Today's Paper Obits Today's Photos Style Opinion: It's life or death Best of Northwest Arkansas Crime Puzzles
story.lead_photo.caption The Comedians of NWA rolled along in the Pride Parade on Saturday, June 27. The truck bed featured live music and Houston Hughes dressed as Jesus.

FAYETTEVILLE -- A boosted police and security force will be on hand during Saturday's annual Northwest Arkansas Pride Parade following Sunday's attack on a gay nightclub in Florida, although participants say they don't expect any danger.

Photo by Andy Shupe
Participants walk the NWA Pride Parade on June 27, 2015, while carrying a large rainbow flag on Dickson Street in Fayetteville.
Photo by Andy Shupe
Participants walk the NWA Pride Parade on June 27, 2015, while carrying a large rainbow flag on Dickson Street in Fayetteville.

More officers than usual will guide parade participants and monitor side streets around Dickson Street during the parade and tonight's pub crawl, said Fayetteville Police Sgt. Craig Stout. He declined to say how many will be present.

NWA Pride schedule

All events are in Fayetteville.


• 6 p.m.: NWA Pride Pub Crawl, Dickson Street. Tickets available at

• 9:30 p.m.: Queens of Dickson Show, George’s Majestic Lounge, 519 W. Dickson St. Tickets available at


• 11 a.m.: 10th Annual Northwest Arkansas Pride Parade, Dickson Street. Free and family friendly.

• Noon, or immediately following the parade: NWA Pride Festival & Rally, Old Main Lawn, University of Arkansas. Free and family-friendly.

• 8 p.m.: 7th Annual White Party, George’s Majestic Lounge. Tickets available at


12:30 p.m.: NWA Pride Interfaith Fellowship Gathering, Spirit of Peace, 902 W. Maple Street. Free and family friendly.

Source: NWA Center for Equality

Security personnel from George's Majestic Lounge and University of Arkansas police officers also will help during the weekend, said Chaz Allen, president of the NWA Center for Equality, the event's organizer.

Organizers last year said a record 2,000 people turned out for the parade one day after the U.S. Supreme Court ruled same-sex couples had the right to marry anywhere in the country. Stout said he expected another large crowd after a gunman killed 49 people and injured dozens of others early Sunday in the Orlando, Fla., club Pulse.

"We figure a lot of people will be showing up just as a show of support," Stout said. "Obviously what happened in Orlando has heightened some awareness."

Pride parades and other events have been held for decades to bring together gay, bisexual and transgender people and their supporters and affirm their existence and identity. Fayetteville's celebration began in 2006, replacing smaller, more sporadic events held as early as the 1970s, according to the equality center.

Fayetteville joins communities across the country that have beefed up their police presence at pride events, according to The Associated Press.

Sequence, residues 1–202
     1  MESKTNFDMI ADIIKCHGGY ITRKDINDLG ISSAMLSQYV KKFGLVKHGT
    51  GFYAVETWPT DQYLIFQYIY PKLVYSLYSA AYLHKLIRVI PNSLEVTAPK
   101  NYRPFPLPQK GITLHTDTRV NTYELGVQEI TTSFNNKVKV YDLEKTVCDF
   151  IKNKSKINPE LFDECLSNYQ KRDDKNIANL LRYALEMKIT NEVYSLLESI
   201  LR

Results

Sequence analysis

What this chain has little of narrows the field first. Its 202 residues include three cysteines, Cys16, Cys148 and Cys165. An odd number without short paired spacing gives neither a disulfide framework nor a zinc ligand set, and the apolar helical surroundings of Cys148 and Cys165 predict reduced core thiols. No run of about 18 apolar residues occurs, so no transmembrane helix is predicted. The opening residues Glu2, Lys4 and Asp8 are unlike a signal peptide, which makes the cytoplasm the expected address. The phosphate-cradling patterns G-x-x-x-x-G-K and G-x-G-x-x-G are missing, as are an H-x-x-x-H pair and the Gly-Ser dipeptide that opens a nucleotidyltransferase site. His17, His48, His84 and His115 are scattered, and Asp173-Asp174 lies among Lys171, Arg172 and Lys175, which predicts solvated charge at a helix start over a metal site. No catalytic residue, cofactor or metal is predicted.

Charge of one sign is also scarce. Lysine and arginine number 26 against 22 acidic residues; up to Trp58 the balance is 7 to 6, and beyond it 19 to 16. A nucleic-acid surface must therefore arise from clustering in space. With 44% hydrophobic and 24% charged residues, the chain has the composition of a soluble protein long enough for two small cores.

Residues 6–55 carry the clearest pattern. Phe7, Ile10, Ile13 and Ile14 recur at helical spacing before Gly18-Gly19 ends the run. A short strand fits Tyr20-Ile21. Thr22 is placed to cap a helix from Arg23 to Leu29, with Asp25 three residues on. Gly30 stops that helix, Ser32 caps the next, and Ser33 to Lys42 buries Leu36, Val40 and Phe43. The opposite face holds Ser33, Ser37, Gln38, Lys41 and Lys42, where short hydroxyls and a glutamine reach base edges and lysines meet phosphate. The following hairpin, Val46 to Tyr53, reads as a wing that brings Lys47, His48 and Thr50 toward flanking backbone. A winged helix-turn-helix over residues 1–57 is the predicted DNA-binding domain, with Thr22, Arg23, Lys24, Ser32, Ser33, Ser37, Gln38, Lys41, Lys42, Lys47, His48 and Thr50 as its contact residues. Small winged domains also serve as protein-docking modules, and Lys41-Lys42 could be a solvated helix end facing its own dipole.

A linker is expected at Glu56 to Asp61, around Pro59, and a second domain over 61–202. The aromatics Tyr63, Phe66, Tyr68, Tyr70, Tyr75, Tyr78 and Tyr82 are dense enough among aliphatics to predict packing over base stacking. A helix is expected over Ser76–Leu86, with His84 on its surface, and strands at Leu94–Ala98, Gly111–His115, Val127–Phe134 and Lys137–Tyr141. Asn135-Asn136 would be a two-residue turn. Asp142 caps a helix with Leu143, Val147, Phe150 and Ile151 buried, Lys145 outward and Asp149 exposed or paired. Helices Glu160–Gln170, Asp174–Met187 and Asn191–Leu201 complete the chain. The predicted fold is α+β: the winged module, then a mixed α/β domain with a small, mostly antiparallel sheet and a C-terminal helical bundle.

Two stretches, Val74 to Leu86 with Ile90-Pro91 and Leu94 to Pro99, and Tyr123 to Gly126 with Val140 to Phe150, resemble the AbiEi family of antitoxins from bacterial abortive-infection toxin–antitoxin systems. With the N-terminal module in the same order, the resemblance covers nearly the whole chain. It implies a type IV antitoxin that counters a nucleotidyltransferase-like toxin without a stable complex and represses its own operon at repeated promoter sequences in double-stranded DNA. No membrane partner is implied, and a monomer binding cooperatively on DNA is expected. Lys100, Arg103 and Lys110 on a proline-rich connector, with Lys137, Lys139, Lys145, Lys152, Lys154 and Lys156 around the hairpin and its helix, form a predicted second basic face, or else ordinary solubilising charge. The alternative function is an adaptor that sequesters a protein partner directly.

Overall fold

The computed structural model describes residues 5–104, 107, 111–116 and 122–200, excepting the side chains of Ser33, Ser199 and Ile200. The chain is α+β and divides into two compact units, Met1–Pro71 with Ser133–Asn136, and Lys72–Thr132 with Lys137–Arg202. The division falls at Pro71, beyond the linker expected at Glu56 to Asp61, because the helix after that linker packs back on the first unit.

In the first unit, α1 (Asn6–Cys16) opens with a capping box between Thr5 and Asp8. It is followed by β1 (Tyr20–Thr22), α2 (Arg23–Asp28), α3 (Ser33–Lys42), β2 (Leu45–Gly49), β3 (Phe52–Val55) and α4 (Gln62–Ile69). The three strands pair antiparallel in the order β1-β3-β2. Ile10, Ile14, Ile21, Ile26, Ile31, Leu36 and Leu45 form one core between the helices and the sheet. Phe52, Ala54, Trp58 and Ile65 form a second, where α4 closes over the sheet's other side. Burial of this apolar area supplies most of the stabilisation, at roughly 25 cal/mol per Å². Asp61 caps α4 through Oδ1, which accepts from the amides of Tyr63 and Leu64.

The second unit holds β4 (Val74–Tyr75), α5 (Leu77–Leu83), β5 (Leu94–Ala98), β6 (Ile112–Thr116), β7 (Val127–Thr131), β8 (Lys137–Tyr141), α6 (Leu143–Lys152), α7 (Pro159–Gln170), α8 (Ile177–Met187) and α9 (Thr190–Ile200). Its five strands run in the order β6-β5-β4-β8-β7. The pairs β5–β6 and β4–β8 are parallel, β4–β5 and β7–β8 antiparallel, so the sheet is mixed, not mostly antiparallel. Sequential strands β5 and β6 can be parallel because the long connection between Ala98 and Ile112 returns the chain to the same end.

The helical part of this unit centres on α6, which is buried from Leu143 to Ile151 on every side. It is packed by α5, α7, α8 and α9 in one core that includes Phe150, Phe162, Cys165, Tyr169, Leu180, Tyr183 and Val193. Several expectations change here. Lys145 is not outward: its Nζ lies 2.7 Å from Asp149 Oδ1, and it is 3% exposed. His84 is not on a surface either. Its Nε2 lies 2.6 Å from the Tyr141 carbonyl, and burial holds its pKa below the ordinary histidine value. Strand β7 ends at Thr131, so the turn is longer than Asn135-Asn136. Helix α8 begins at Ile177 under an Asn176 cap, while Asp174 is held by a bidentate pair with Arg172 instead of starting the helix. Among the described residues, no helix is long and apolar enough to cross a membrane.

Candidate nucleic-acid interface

The same day as the Orlando shooting, a man was arrested in Los Angeles with several assault-style rifles and explosive chemicals. He told police he was going to that city's pride parade, but it's not clear if he intended to use them there, and the case appears to be unrelated to Orlando.

Justine Turnage, a member of Fayetteville's Transgender Equality Network, a support and advocacy group, said she still planned to go to the parade Saturday.

"It is definitely something we have to watch out for, something we have to be aware of, because copycats come in all shapes and sizes," she said. "But at the same time, Fayetteville is much lower key. It definitely feels safer here."

Hostility and occasional violence toward the gay, bisexual and transgender community are nothing new. The FBI reported more than 1,100 crimes motivated by bias against different sexual orientations or gender identities nationally in 2014, the latest statistics available. Stout and Allen said no such incidents have been reported in response to Fayetteville pride events.

Mike Emery, an Air Force veteran who plans to attend the parade with his husband, said he was "fully confident" local police will keep the event safe.

"I did 10 years in the service -- I kind of look at everything in a what-if sort of way, anyway," Emery said. "Plan for the worst, hope for the best, that kind of thing."

Allen said the Orlando attack highlights the importance of pride and being visible. He thanked Protect Fayetteville, a political group opposed the city's non-discrimination ordinance protecting sexual orientation and gender identity, for its statement of support on social media following the attack.

"We're going to have a really fun and great pride," Allen added. "This pride will have special importance."

NW News on 06/17/2016

Print Headline: Pride security gets boost

Sponsor Content